SMA Does Not Define Our Boys

SMA Does Not Define Our Boys
SMA Does Not Define Our Boys
Fraternal twins, Dallas and Dylan Moore were born November 29, 2011 to Dwight and Tiffany Moore. Dallas is the oldest by six minutes and during the first few months the boys developed at what would be considered a normal rate. At six months Dallas and Dylan were able to sit unassisted and had good head control. At ten months Dallas began to “army crawl,” one of the first methods of moving around for most babies and could pull up on his knees into a crawling position. Dylan crawled at six months and was pulling up to stand at eight months. At this point things, began to change for the boys and their family. With twins, it is essentially impossible for parents not to compare each child with the other. “For a while we thought that Dallas was just an easy-going baby compared to Dylan who was very outgoing and active,” Tiffany said. “But when Dylan began to crawl, pull up and cruise around furniture I began to be very concerned because Dallas couldn’t do these same things.”

The twins’ mother was particularly qualified to take note of potential developmental problems in her young boys. Her younger sister Nicole, who was also a twin, had died from Spinal Muscular Atrophy (SMA) Type 1, a genetic disease, at age 10. SMA is considered by many as one of the most prevalent genetic disorders and is the most common genetic cause of infant death. Spinal Muscular Atrophy Type 1 onset usually occurs between birth and six months old. SMA Type 2 is an intermediate form that affects children who are never able to stand and walk but who are able to maintain a sitting position at least some time in their life. The onset of weakness for Type 2 is usually between 6 and 18 months; however, experience with the disorder varies greatly. Some individuals gradually grow weaker over time while others through careful maintenance void any progression. Body muscles are weakened, and the respiratory system is a major concern. Life expectancy is somewhat reduced but many with SMA Type 2 live well into adulthood. Late onset SMA, also known as SMA 3 and 4, result in variable levels of weakness in older individuals. “It was obvious to us that Dallas’ muscle tone was very weak and his hands often trembled,” Tiffany said. “However, when I shared my concerns with our pediatrician I was told that I was only comparing Dallas to Dylan and that he would be fine. I knew deep down that something wasn’t right and changed to a different pediatrician.” During this time Tiffany began to learn more about the symptoms of SMA and from her findings determined that Dallas’ symptoms were very similar to those identified with SMA Type 2. In a few months this baby who earlier could roll over and army crawl was losing strength in his muscles.

In February of 2013, a neurologist formally diagnosed Dallas with SMA Type 2. The twins’ parents became somewhat concerned about Dylan when at 14 months old he was not walking unassisted; however, otherwise he was very mobile and was not exhibiting the symptoms identified with SMA as Dallas had. “Through early intervention services Dylan had been receiving physical therapy for about six months and I asked his doctor if he would order more,” Tiffany said. “After asking some routine questions and learning about Dallas’ SMA diagnosis, the physical therapist suggested that Dylan see a neurologist to rule out other factors. Further examination and genetic testing confirmed in December of 2013 that Dylan also had Spinal Muscular Atrophy Type 2. The boys’ father is a high school Math teacher, and their mother teaches Special Education at the high school level. “As educators, and especially with my experience in special education, we have been diligent to seek help for the boys wherever possible,” Tiffany said. “We have been with Alabama’s early intervention services since right after the twins’ first birthday. I recommend that parents of children with disabilities reach out for help in your area as soon as you think there might be a problem.”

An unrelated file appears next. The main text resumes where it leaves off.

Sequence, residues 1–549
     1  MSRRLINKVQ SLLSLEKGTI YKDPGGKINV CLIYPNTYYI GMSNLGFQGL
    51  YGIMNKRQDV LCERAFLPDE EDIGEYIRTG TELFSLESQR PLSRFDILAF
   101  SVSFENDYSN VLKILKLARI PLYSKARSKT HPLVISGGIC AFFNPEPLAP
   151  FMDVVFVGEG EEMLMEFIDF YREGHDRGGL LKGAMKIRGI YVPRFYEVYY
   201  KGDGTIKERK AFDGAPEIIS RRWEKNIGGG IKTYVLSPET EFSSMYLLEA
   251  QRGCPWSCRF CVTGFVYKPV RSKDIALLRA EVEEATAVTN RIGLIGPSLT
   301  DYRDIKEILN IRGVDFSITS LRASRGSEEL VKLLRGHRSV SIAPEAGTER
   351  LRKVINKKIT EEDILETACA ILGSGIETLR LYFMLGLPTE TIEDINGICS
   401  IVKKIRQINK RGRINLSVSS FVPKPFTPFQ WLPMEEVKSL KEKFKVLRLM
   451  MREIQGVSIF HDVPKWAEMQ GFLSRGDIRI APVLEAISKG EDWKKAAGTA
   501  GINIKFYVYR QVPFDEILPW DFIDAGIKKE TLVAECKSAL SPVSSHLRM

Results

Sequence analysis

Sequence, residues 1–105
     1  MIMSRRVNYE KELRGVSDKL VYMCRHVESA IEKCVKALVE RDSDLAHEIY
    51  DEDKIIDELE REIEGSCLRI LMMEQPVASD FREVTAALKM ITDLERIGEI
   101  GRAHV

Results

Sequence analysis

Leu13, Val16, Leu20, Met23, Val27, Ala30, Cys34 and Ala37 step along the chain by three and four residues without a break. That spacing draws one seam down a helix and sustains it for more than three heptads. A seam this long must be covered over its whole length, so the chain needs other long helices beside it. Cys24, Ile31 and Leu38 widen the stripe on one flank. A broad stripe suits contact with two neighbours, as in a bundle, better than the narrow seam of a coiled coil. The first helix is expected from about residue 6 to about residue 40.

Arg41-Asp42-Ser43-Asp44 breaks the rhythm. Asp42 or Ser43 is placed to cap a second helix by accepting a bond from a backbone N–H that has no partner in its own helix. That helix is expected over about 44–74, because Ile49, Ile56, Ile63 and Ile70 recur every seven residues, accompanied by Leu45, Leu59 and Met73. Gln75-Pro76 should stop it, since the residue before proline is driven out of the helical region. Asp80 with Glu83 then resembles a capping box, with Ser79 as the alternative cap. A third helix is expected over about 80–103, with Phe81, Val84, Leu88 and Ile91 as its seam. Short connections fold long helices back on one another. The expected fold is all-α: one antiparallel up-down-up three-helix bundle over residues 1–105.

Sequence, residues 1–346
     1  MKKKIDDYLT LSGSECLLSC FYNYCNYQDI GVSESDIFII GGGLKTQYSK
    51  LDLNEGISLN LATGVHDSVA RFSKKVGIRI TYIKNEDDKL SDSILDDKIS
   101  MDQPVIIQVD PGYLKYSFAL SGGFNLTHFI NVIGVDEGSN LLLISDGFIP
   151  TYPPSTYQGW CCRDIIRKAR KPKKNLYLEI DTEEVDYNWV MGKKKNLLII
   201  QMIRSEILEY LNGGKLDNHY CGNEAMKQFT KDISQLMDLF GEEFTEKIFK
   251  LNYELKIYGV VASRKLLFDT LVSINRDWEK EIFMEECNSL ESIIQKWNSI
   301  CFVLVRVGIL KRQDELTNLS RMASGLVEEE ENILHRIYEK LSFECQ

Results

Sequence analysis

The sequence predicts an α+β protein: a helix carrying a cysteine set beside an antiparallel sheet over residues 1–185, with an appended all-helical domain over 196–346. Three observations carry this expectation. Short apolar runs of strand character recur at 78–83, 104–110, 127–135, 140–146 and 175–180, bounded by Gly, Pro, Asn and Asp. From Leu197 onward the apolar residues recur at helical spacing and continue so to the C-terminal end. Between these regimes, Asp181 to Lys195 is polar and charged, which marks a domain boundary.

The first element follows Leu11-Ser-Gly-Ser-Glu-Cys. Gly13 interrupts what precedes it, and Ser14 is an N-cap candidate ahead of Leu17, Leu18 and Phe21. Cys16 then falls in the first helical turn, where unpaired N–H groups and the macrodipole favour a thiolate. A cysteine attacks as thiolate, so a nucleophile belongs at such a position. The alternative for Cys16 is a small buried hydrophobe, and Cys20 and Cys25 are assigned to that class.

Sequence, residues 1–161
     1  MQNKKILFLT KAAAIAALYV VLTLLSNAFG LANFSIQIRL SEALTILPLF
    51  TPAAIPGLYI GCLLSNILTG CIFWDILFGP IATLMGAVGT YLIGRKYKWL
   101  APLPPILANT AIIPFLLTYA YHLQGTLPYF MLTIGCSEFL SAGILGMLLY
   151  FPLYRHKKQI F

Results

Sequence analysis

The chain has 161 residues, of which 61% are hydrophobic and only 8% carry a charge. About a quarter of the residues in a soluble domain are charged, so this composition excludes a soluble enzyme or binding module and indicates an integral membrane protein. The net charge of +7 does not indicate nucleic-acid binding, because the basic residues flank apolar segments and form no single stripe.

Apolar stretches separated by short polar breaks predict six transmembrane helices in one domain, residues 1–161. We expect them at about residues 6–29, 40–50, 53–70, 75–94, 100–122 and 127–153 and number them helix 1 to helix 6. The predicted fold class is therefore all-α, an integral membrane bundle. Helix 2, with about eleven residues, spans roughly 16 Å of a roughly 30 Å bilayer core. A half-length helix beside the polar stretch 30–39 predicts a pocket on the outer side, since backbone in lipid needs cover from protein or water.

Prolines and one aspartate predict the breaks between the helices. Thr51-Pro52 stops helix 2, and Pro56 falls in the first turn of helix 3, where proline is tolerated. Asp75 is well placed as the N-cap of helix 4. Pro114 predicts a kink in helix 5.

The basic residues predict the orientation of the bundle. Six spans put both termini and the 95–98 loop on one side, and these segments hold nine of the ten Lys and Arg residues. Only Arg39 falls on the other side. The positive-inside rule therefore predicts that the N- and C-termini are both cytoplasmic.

Tiffany pointed out that often a family member or friend will notice symptoms before a parent. “The earlier you begin to get help the better because you need to learn what your child needs and how to get it.” Without a doubt, Tiffany and Dwight understand how difficult it is to meet the challenges of having children with disabilities. “It is very difficult to accept having a child with disabilities and then make that ‘times two’ with us. As parents we all have in our minds how things will be. It is very difficult when what you envision for your child doesn’t come to fruition and you realize something is wrong,” Tiffany said. “It is important not to be afraid and not to blame yourself. Mothers often worry that they did something wrong during the pregnancy. Even when I doubt myself I know this situation is what God has for me. I believe my experience with my sister and her disabilities was, in a way, God telling me, ‘this is for you to learn because I’m going to give you two children with SMA.”